Congrats to Bob Desjarles on the publication of his new book, Counterplay: An Anthropologist at the Chessboard, and on its glowing review by Rowson in New In Chess. I'm quoted and described in it, so I'm not impartial, but it's insightful, engaging, and will inform how you think about chess in relation to the rest of life. You can buy it here.
an exerpt from Rowson's review:
Perhaps the main reason I feel charmed by this book is that it is so well-balanced. The author is as credible when describing his passion for the game as he is when he gradually falls out of love with it. There have been lots of non-fiction books about chess which convey the positive side of chess — the wonder of it all, but few that honestly face up to the experience of alienation that arises when players realize that the game is not the exis¬tential panacea they thought it might be. Life goes on, and chess doesn't always help us to live it well. Desjar¬lais highlights that the competitive spirit of the world, and the quest for chess status becomes strenuous after a while, and he had me laughing in agreement with the observation that “a hierarchy of dominance exists, not unlike that which can be found at a posh country club or among a troop of baboons.”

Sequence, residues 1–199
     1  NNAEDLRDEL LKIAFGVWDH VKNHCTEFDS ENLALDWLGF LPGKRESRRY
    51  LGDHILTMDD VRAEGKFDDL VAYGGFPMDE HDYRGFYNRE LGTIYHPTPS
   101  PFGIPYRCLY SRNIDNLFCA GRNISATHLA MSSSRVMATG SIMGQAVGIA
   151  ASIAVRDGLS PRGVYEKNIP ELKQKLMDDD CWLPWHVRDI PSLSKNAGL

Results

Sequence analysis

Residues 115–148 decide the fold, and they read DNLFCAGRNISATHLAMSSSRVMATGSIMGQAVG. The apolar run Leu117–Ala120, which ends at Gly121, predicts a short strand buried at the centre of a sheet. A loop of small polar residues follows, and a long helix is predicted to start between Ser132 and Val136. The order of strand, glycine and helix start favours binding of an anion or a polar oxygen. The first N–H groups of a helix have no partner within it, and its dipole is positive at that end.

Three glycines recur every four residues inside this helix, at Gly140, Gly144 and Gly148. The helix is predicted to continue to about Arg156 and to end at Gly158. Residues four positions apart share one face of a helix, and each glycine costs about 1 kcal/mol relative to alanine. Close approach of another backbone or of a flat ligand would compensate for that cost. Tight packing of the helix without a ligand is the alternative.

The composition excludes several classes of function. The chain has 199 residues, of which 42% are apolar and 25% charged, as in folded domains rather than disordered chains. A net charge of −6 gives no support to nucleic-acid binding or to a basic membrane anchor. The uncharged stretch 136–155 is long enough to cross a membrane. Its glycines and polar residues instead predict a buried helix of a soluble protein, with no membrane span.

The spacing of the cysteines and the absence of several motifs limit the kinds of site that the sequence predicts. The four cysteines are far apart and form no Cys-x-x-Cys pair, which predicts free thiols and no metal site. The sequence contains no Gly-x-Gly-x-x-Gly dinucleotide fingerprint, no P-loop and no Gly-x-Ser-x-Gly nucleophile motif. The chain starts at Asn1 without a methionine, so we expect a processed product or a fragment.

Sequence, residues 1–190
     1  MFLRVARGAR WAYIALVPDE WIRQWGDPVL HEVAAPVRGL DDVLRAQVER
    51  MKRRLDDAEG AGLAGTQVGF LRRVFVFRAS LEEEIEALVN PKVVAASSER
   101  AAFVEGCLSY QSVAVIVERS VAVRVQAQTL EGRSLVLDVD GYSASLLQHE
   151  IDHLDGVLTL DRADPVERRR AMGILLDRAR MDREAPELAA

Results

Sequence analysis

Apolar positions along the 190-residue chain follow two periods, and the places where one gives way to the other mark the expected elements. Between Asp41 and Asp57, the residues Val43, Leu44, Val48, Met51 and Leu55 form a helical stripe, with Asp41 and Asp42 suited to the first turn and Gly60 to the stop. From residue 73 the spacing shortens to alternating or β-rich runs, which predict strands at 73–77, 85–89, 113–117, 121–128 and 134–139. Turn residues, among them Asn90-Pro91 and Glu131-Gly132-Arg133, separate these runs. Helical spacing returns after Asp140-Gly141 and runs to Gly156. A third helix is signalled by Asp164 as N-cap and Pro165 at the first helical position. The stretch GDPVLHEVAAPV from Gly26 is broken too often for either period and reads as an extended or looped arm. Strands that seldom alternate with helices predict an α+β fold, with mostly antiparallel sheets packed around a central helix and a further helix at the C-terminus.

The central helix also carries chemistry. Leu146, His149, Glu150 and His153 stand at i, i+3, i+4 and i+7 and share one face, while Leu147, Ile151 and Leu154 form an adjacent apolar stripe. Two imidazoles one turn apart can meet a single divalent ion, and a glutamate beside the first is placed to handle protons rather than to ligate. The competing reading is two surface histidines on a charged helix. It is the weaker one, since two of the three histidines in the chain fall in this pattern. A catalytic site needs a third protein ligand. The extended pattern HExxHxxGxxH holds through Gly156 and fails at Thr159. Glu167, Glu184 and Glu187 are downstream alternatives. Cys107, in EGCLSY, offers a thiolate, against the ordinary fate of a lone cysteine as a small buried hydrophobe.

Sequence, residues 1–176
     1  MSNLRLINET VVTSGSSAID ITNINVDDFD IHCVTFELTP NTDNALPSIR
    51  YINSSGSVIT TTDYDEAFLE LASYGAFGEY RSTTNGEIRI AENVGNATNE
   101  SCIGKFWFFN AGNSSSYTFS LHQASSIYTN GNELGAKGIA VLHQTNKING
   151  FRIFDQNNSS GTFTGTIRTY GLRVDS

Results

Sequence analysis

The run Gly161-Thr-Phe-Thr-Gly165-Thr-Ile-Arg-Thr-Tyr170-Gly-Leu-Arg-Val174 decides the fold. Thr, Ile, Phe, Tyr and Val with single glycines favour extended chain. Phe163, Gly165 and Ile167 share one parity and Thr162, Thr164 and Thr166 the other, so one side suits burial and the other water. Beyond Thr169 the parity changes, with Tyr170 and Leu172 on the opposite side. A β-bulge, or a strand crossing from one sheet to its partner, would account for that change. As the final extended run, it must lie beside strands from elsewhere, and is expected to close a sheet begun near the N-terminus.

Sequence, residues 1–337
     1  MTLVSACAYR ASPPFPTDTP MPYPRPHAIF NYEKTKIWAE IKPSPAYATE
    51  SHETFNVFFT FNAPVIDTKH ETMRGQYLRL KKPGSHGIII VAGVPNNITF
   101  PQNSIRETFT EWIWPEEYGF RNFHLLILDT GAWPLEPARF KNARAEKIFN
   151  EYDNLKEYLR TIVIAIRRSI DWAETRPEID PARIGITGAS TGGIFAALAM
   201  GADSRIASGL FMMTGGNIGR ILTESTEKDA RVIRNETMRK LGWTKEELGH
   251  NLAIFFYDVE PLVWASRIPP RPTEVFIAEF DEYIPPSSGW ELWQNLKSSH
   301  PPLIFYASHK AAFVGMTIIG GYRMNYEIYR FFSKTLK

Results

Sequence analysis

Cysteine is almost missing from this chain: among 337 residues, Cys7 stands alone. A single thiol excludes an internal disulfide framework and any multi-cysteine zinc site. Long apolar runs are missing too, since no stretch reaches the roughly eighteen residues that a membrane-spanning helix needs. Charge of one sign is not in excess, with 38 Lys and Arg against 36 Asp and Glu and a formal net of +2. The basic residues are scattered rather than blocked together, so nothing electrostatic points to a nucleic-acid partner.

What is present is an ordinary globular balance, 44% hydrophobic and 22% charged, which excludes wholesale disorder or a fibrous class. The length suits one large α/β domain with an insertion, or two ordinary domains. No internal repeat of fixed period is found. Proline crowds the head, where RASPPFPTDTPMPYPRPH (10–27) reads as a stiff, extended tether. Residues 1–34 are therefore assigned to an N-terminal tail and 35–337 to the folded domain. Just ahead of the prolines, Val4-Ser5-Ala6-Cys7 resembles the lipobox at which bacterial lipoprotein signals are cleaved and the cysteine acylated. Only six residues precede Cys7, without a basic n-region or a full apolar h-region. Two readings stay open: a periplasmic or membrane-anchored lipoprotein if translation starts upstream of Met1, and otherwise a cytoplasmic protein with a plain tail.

He also refers to the “trivial depth” of the game, but captures the alienation best through his own experience:
“Later, before heading out to my car, I walk through the tournament area. I step past the tournament directors' office, where two men are keeping track of results reported and complaints lodged, past the display of chess books, past the food vendors selling soggy hot dogs and crisp burgers. I stumble around three kids seated on the carpeted floor, placing pieces on a board, and I overhear two men discussing a game. `That's a nasty pin,’ mutters one of them. I stick my head into the skittles room and see pairs of players jousting over rooks and knights, and then walk into the playing hall, where all is quiet and somber and deadly serious, as though a world is at stake. I feel I should be seated at a board as well, fighting it out. But I don't care to be here. Playing now would be like counting pebbles in the sand. I feel discordant, antiheroic. Moments later I'm on the road, heading for home.”
I can’t quite say I know the feeling, but I identify with that sense of being “discordant, antiheroic” and I have felt it many times when I was, as a Grandmaster who is supposed to love the game, suddenly unable to muster any deep concern for the quality of my moves or the outcome they might lead to.